Egypt provided the formal charges against 43 members of nongovernmental organisations (NGOs), including 19 Americans, and their organisations. Among the charges were that the NGOs had received illegal foreign financing, that they were operating without proper licenses, that some of the accused were in Egypt under tourist visas, and so on.
A U.S. State Department spokeswoman said the matter should not be treated as a judicial matter, but rather should be handled as a state-to-state issue, subject to negotiations and without penalties.
The NGO issue reflects the belief of the Egyptian military leaders that last year’s unrest was fomented by foreign-funded NGOs and, as was made clear in the charges, that the NGOs have become increasingly active and are continuing to attempt to influence Egyptian politics.
The question of the role of international NGOs is a controversial one. The Russians, for example, charged that NGOs, funded by the CIA, were behind the Orange Revolution in Ukraine in 2004-2005. Others have claimed that international NGOs were operating in their countries to destabilise their governments, frequently as tools of foreign governments trying to achieve political and strategic ends under the guise of promoting democracy or human rights.
The Americans and Europeans regard this as an appropriate mission. They see increasing democracy, strengthening civil society and pressing for human rights as reasonable efforts. The term used for this activity is “soft power,” which is when non-military, non-coercive means are used to influence and pressure foreign governments to reform. The use of NGOs toward this end goes back to the Cold War, when human rights groups, sometimes funded by the West, operated in the former Soviet Union, trying to foment change. Part of this mission, it must be added, included attempting to destabilise the Soviet regime.
This is the crux of the problem. The United States and Europe see many of the world’s existing governments as repressive and as violating human rights. NGOs, some with government funding but most without, operate in these countries to create pressure to reform. However, the regimes see themselves as the legitimate government of the country, and they see the presence of the NGOs as an attempt to foment unrest and destabilise them. In a sense, NGOs and the Egyptian government view NGOs the same way, as effective in fomenting change. The difference is that the NGOs like what they are doing and the Egyptian government doesn’t.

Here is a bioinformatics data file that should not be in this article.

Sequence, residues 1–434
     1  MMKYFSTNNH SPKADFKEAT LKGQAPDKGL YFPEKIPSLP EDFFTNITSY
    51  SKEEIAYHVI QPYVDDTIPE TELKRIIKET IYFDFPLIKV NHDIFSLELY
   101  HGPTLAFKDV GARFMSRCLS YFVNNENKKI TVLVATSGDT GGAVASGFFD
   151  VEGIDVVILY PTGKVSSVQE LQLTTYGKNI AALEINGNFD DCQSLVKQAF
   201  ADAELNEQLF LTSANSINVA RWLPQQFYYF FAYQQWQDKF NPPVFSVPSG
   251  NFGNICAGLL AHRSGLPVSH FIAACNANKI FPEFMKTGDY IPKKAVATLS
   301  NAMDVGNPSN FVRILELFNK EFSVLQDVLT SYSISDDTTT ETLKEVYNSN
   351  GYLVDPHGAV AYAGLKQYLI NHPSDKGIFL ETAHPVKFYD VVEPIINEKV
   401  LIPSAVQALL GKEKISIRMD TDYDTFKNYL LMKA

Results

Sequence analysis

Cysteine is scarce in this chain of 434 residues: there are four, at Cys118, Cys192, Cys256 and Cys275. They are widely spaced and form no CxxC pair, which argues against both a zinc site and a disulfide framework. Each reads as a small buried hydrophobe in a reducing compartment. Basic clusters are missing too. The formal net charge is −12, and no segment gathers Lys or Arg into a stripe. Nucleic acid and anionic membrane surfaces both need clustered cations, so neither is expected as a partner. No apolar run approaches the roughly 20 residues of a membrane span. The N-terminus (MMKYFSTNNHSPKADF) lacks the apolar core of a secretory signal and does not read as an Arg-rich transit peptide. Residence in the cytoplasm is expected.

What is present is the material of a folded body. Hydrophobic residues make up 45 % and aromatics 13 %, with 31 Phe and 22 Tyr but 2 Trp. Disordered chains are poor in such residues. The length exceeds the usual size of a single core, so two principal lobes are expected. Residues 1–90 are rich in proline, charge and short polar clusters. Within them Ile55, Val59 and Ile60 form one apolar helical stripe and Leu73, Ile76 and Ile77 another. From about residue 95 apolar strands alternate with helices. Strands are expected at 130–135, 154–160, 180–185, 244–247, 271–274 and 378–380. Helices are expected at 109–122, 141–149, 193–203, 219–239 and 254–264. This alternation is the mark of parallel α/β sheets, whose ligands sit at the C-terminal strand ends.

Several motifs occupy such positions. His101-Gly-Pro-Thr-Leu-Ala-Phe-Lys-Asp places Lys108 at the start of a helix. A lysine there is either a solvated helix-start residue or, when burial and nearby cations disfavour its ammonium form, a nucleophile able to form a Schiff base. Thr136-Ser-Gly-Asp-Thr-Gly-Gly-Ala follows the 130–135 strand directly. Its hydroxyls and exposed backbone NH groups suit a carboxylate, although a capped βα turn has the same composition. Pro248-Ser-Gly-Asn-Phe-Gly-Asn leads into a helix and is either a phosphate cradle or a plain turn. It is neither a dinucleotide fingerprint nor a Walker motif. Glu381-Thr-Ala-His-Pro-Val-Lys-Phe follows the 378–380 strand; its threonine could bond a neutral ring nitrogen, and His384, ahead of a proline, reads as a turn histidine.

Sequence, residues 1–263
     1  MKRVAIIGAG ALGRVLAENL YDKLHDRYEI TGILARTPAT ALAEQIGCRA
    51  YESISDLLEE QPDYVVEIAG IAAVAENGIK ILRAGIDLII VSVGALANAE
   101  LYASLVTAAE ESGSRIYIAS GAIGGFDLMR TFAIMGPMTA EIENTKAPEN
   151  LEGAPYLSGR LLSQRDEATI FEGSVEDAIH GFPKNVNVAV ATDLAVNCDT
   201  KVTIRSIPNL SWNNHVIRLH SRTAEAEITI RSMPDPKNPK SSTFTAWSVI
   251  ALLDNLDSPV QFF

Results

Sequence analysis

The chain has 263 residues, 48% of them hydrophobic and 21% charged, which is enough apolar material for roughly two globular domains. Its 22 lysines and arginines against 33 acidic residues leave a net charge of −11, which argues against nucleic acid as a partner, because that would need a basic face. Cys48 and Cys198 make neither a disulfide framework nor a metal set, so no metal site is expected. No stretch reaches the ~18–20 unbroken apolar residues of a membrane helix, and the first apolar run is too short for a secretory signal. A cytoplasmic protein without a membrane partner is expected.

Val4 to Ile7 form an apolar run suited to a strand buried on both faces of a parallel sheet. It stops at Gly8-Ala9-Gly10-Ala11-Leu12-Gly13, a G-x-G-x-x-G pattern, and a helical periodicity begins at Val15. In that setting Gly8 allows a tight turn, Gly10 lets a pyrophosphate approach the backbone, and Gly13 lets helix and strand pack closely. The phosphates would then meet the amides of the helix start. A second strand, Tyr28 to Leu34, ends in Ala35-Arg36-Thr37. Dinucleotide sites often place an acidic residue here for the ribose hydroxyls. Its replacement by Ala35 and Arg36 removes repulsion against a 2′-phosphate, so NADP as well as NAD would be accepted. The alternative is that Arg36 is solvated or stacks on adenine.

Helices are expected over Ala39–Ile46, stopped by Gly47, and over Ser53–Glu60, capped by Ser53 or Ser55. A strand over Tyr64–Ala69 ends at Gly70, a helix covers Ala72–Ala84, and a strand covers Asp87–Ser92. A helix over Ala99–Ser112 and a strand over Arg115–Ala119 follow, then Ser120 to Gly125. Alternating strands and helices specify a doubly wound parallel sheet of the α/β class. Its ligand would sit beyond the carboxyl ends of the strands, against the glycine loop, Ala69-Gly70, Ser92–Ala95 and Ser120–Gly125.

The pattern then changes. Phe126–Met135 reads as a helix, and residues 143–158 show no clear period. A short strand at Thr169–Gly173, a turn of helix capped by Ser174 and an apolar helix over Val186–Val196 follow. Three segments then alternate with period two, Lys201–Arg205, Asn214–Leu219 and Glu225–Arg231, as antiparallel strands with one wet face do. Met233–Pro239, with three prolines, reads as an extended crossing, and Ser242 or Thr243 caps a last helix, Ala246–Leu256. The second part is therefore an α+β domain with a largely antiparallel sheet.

From the viewpoint of the Egyptian government, the NGOs have been successful in Egypt, and therefore the government intends to shut them down. Ultimately, Egypt’s leaders see the efforts of the NGOs as interference by foreign nationals in the country’s internal affairs.
All of this intersects with geopolitics in the sense that the more effective NGOs are, the more useful they are as a tool to shape the internal affairs of a country. The question is the extent to which they represent the will of their national governments. Therefore, how the NGOs are funded becomes crucial. But in the end, however they are funded, they represent a threat to existing governments.
In fact, the Egyptian government is clearly prepared to jeopardise its relationship with the United States and forfeit U.S. aid if that’s what it takes to control the NGOs. Of course, there is a political dimension, with the ruling Egyptian officials using the charges against the NGOs to portray themselves as nationalists resisting Western forces. At the same time, the case acknowledges that NGOs are an effective force.
It follows from this that other countries are watching Egypt’s actions carefully. This case could set a precedent for other governments that want to shut down Western NGOs in their country. If that happened, it would obviously affect the NGOs, but it would also affect a significant dimension of Western soft power. How far this spreads beyond Egypt will be important to watch.
“Egypt looks to rein in NGOs” republished with the permission of Stratfor, www.stratfor.com